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Some general guidelines to help the prospective buyer.  This list is meant to give you some guidance in deciding whether or not to proceed with a professional survey.   
  1. Center the rudder amidships and look from aft, lining up the rudder to the keel.  Does the rudder line up with the keel by sight?  Check to see if the keel appears to hang down straight from the hull.  Look at the keel where it attaches to the hull.  Fine hairline cracks at the joint are likely fairing putty.  Larger cracks, especially if there is a trail of water or discoloration from the joint downward, are a sign of water in the keel/hull joint and can cause corrosion of the keel bolts. 
  2. Look at the steering gear, quadrant and cables.  Are these accessible in case the rudder needs work or new bushings?  If the fasteners are all corroded, it makes removal that much more difficult.
  3. Examine the bottom edge of the rudder for signs of leaking.  A blister of paint with water inside may be a sign of water in the rudder.  Carefully inspect the hull several inches above the water line adjacent to the keel area.  Are there any longitudinal cracks?  Inspect the area just forward of and aft of the keel.  Any signs of cracks or repairs?  Both of these are signs of a possible hard grounding.
  4. Lift up on the rudder from the bottom and check for play.  Try to move the rudder side to side, checking for play in the bushings and bearings.  Anything up to 1/16” side-to-side play in the rudder bushing is ok.  More play is not necessarily a major concern; however it might indicate the need for new rudder bushings.
  5. Sight along the hull, looking for any irregularities such as depressions or pronounced high spots.
  6. Carefully inspect the bow for evidence of collision damage.
  7. Inspect the engine compartment and bilge for grease and oil.  A dirty, greasy bilge is one sign of an engine with oil leaks.  Also, oily bilge water gets pumped overboard, which is illegal.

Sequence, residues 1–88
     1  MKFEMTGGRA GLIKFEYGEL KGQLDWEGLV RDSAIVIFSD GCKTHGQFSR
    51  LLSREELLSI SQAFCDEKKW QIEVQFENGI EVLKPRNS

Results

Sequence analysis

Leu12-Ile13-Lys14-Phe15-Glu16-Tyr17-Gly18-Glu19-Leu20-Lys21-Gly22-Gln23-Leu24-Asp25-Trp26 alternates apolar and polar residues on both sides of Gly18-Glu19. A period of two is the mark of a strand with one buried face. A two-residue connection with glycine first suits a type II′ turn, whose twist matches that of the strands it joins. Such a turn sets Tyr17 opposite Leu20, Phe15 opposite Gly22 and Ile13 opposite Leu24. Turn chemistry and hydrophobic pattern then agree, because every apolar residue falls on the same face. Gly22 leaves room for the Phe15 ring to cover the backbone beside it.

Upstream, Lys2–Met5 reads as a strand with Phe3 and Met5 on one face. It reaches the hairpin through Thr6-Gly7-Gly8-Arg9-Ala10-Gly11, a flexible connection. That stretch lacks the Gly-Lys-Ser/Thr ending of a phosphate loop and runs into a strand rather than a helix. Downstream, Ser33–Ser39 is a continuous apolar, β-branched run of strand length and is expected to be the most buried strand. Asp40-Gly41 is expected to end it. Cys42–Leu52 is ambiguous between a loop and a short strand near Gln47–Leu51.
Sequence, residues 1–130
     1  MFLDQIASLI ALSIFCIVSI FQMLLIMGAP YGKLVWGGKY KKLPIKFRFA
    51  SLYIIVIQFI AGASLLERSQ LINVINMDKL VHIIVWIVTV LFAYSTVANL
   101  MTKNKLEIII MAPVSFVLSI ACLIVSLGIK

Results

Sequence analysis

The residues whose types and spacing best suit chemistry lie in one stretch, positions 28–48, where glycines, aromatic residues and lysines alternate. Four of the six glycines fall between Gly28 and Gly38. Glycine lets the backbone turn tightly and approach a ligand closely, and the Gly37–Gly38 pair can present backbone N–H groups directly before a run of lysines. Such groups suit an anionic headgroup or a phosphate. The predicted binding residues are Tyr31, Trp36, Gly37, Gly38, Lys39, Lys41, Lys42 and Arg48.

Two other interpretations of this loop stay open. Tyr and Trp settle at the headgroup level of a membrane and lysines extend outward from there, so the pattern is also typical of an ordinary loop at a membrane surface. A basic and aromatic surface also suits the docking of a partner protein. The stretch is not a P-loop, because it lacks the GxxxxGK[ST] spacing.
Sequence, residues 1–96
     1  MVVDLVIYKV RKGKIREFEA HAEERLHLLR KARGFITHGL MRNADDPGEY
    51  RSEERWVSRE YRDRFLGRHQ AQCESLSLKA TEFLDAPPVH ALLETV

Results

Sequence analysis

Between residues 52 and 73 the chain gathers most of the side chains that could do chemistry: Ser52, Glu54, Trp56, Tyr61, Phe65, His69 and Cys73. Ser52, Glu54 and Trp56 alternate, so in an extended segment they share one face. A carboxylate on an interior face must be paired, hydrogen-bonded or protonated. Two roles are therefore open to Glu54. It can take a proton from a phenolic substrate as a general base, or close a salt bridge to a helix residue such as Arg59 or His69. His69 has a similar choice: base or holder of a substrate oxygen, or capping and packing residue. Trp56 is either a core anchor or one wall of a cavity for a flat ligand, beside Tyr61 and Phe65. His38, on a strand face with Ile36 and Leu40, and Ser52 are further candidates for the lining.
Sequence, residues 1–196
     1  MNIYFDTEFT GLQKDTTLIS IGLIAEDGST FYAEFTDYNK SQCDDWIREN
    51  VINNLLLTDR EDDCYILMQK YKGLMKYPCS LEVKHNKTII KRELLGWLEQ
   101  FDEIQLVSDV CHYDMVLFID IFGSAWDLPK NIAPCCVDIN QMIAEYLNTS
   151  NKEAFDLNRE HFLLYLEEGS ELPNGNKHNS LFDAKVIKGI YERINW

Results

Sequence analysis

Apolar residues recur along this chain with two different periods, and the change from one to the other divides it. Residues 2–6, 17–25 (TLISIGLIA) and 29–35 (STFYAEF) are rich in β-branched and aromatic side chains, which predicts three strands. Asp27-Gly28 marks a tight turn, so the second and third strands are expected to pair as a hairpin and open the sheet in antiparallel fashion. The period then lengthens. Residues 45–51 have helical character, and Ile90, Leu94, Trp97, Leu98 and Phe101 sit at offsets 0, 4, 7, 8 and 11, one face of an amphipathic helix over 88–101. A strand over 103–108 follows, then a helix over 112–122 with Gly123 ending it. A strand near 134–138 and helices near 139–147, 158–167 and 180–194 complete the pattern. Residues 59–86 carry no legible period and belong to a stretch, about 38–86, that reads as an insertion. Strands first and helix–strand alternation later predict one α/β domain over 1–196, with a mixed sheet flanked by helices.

8. Look for signs of owner-installed electrical gear and, if visible, the neatness of the wiring runs and connections.  Are all wires firmly attached? 
  9. Wherever possible, look at nuts or bolts attaching deck hardware, especially owner-installed items.  If the fasteners below deck appear corroded or oxidized, it is an indication of leaks.  Leaks at hardware on cored decks are a major source of core degradation and of annoying interior leaks that are hard to locate and stop.
  10. Inspect the chainplates where they attach to the bulkheads inside.  Are there any signs of water staining?  If so, are there any signs of damage to wood bulkheads where the chainplates are attached?
  11. If the wire rigging has plastic covers, remove one and check for oxidation (gray or greenish colors). Stainless rigging does not like to be deprived of air circulation.  Inspect the tangs and clevis pins where they pass thru holes – are the clevis pins the correct size and clean?  Sight up along each shroud and stay, looking for kinks or broken strands.  Don’t forget to do the same to the headsail furler.
  12. If the mast is keel-stepped, inspect the base of the mast and the mast step for any signs of corrosion.  If the mast is deck-stepped, look very carefully for signs of a slight depression on the cabin house just under the mast step.  Note – any minor depression in that area could indicate moisture in the core structure.

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